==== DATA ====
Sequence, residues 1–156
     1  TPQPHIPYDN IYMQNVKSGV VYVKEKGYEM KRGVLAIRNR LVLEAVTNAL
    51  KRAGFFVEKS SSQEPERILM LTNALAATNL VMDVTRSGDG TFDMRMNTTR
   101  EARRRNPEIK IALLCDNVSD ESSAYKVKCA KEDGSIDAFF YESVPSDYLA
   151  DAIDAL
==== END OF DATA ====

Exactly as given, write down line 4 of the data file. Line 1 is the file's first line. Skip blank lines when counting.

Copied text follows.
   101  EARRRNPEIK IALLCDNVSD ESSAYKVKCA KEDGSIDAFF YESVPSDYLA